“Darwin’s long poem “The Botanic Garden” (1789) is one of the most extraordinary – some would say bizarre – works in English literature. Arching between two eras, it was a final exuberant flowering of Enlightenment experiment and optimism but also a glittering treasure trove of images and ideas for the coming Romantic generation, plundered by Shelley, Coleridge, Wordsworth. Four thousand lines of rhyming couplets humming above thickets of footnotes, with engravings by Blake, Fuseli and others, it consisted of two parts, “The Economy of Vegetation”, and “The Loves of the Plants”.

    That is, of course, Erasmus Darwin. Too tenuous a connection for your purposes?

  9. cold water

    Evolutionary thinking encroaching into history as science. Specifically, the “ultimate cause” gauntlet thrown by Jared Diamond in “Guns, Germs and Steel” (1997), and Daniel Lord Smail’s “On Deep History and the Brain” and his call for focus on studying the “deep history” of humanity and the implications of that new emphasis.

  10. chris

    Oxford World’s Classics has an anthology called ‘Literature and Science in the 19th Century’ – about 600 pages of excerpts from scientific writings, including Huxley and Darwin, and literature from Poe, Hardy, Twain, etc.

  11. Ben Breuer

    If you’re interested in older books of far-away fields, and difficult ones to get, there’s

    Die Musik im Lichte der Darwinschen Theorie

    by Oswald Koller. Appeared in the Series Jahrbuch der Musikbibliothek Peters, as vol. 7. (piub. data: Leipzig: Peters, 1900.)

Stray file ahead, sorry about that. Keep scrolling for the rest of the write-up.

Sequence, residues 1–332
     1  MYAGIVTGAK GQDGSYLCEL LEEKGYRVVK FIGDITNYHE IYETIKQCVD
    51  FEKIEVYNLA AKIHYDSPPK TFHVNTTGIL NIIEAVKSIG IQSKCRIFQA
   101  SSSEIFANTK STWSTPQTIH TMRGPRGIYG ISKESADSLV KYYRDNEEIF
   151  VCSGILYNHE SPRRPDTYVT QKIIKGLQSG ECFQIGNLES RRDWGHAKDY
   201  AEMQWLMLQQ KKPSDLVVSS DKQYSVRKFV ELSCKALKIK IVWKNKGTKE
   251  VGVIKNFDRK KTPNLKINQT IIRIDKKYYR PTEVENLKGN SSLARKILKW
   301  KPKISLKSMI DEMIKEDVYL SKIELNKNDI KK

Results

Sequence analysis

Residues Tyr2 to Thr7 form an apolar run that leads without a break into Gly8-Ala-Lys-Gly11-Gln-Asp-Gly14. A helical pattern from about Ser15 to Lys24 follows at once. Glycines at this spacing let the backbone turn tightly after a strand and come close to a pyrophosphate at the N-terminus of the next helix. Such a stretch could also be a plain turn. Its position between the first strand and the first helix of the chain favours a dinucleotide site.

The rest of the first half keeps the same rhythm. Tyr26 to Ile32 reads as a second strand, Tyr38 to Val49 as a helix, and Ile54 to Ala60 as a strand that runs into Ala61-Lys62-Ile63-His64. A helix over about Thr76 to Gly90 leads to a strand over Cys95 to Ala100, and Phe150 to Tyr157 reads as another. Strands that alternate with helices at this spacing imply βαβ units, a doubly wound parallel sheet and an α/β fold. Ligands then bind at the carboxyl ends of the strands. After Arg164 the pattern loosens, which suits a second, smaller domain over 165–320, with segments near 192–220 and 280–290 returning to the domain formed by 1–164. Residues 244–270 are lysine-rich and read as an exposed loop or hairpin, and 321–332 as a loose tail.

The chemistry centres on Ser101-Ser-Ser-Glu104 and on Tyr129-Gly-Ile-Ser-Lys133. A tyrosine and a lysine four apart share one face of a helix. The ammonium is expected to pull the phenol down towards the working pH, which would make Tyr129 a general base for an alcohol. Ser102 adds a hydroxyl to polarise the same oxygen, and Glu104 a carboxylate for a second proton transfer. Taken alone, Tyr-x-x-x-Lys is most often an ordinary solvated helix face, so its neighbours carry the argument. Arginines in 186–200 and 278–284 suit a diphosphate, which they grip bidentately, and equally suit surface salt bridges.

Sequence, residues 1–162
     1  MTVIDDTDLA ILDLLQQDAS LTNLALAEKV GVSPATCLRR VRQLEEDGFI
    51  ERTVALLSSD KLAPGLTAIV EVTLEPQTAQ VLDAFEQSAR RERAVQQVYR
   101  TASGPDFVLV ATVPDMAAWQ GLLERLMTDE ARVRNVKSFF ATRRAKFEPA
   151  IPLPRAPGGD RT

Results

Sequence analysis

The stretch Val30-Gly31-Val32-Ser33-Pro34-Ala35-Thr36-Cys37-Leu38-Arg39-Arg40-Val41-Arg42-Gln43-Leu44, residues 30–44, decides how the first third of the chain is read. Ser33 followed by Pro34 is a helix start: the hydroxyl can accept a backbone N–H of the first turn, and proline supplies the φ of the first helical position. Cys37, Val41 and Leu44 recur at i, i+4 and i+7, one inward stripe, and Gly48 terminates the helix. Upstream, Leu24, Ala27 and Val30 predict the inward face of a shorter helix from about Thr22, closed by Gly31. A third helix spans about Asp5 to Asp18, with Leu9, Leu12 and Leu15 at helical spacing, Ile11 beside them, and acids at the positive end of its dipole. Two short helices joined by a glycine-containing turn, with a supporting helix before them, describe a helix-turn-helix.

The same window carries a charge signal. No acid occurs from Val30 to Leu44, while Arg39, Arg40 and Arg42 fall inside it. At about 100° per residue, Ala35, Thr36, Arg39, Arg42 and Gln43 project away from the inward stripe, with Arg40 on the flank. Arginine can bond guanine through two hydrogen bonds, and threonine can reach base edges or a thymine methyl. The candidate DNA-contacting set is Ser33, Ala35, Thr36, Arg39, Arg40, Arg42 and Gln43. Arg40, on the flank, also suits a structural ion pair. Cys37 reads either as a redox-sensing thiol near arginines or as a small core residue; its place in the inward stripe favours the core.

As you may gather, it’s in German. (-; Unfortunately, I don’t have a copy of it. How far Koller’s definition of Darwinism goes I’m not sure, but judging from similar publications, I guess it’s pretty much in line with post-Darwin Darwinism, i.e., Wallace-influenced.

  12. Don’t know how you’re realistically going to get away from the literary Darwinists, as they are the ones doing it, and they rely on evolutionary psychology — though not without some disagreements with it (one can consider Carroll in particular on this). I don’t know what the problem is with evolutionary psychology, though, as we do need a Darwinian understanding of psychology — something sadly rejected by too many psychological theories. Not that there aren’t areas of criticism, to be sure — but it seems to be more on the right track than almost any other psychological theory out there. The rest is mostly made up nonsense.

    In other words, I wouldn’t dismiss Carroll so quickly — especially if you haven’t actually read him.

  13. Chris Stephens

    John,

    I don’t know if this is the kind of thing you’re looking for, but Piers Hale, the historian of science at U of Oklahoma, in collaboration with my colleague John Beatty, have been working on the theologian (and friend of Huxley’s) Charles Kingsley’s Water Babies (which is a children’s story that explores Kingsley’s views about evolution and its implications for religion, etc.).

    They’re working on a book ms., I think, but in the mean time (besides looking at the fascinating Water Babies), you might look at

    “Water Babies: an evolutionary fairly tale,” published by John and Piers in Endeavour, volume 32, no. 4, 2008, p. 141-146.

  14. Clem Weidenbenner

    Less in the literature vain, but very philosophical is Kim Sterelny’s The Evolution of Agency and Other Essays. Perhaps one of these essays might serve.

  15. Veronica Abbass

    A novel I recommended before, _The Origin of Species_, by Nino Ricci has been published in the United States. Maybe you will be able to get a copy or copies; you and your students would enjoy it.

    http://ninoricci.com/

  16. John S. Wilkins

    Thanks guys. Mostly I’m looking for a review of how Darwinism affected literature, at any time. I will contact Piers – he’s stuck in the middle of teaching right now. I know him.